1. A Glad bag descending from heaven, if you will. (Shout out to my GTS alums!)
  2. Not a thing; don’t @me.
  3. Pandemic miracle! Others include: a Parks and Recreation reunion episode, Ithaca getting our own Trader Joe’s.
  4.  I say “most of us”, because the disabled and chronically ill community has always been acutely aware of this.  Indeed, much of my thinking here owes a great debt to the work of disabled theologians on the critical importance of embodiment in Christian thought.

Blanche et Noire, parte deux

(cross-posted to Facebook)

So here’s what I’ve been thinking about this week.
When I was in Haiti, visiting Ravine a l’Anse with a team from St. Paul’s, we were in the marketplace of Les Cayes. (Whenever you’re in a foreign country, go to a grocery store or the marketplace–it’s the best.)

As we were strolling along, a woman approached me, and announced to me, in a loud voice, “Tu es blanche!” (trans. You are white.) Drawing on my six years of French, I responded, “Oui” for indeed, this was so. She repeated herself, pronouncing the words like the ruling of a monarch setting forth a new law: “TU ES BLANCHE!” Again, I agreed, “Ouais.” I am never more casper-like than in Haiti.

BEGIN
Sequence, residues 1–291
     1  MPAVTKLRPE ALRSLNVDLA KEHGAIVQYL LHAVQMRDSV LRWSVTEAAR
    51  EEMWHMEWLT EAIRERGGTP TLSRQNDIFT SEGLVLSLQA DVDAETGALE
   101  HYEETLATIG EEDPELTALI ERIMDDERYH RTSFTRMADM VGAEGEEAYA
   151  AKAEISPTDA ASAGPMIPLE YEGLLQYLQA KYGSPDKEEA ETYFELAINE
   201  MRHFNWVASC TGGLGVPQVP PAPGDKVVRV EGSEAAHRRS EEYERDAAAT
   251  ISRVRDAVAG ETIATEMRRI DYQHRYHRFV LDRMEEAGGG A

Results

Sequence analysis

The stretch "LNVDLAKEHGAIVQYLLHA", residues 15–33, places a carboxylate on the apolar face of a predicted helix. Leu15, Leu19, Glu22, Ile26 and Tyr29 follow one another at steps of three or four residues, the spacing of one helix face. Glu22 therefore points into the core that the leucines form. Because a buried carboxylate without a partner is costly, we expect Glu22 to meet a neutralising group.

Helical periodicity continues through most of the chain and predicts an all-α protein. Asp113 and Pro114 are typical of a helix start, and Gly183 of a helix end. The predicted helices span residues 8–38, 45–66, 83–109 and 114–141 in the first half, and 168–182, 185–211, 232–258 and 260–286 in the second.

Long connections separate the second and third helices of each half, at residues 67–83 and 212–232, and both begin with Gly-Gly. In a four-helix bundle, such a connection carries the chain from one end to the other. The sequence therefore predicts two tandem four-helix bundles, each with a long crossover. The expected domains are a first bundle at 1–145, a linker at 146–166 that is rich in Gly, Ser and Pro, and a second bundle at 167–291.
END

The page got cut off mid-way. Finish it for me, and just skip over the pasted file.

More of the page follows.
She drew herself up to her fullest height, fluttered her hand in a sweeping motion down in front of her, as if encompassing her entire being, her essence, the soul of her humanity in all its glory, and pronounced her final verdict to me, in a voice smooth with dignity: “Moi, je suis noire!” And turned and sauntered away, as if she had established, once and for all, her infinite claim to truth in the world. 

I think about her this week, this ordinary Haitian woman who literally proclaimed her pride in existence to me in the public square. I think of the faces of the children who pestered me, in ever more creative ways, to give them a ball. I think of the man who tied a rope around his waist, and lowered himself into a hole in the ground to dig a well for the village–by hand. So they would have water. And I think of the faces of the vestry of the church we work with, who patiently sat with us for hours, as they explained how they wanted to improve the lives of their people.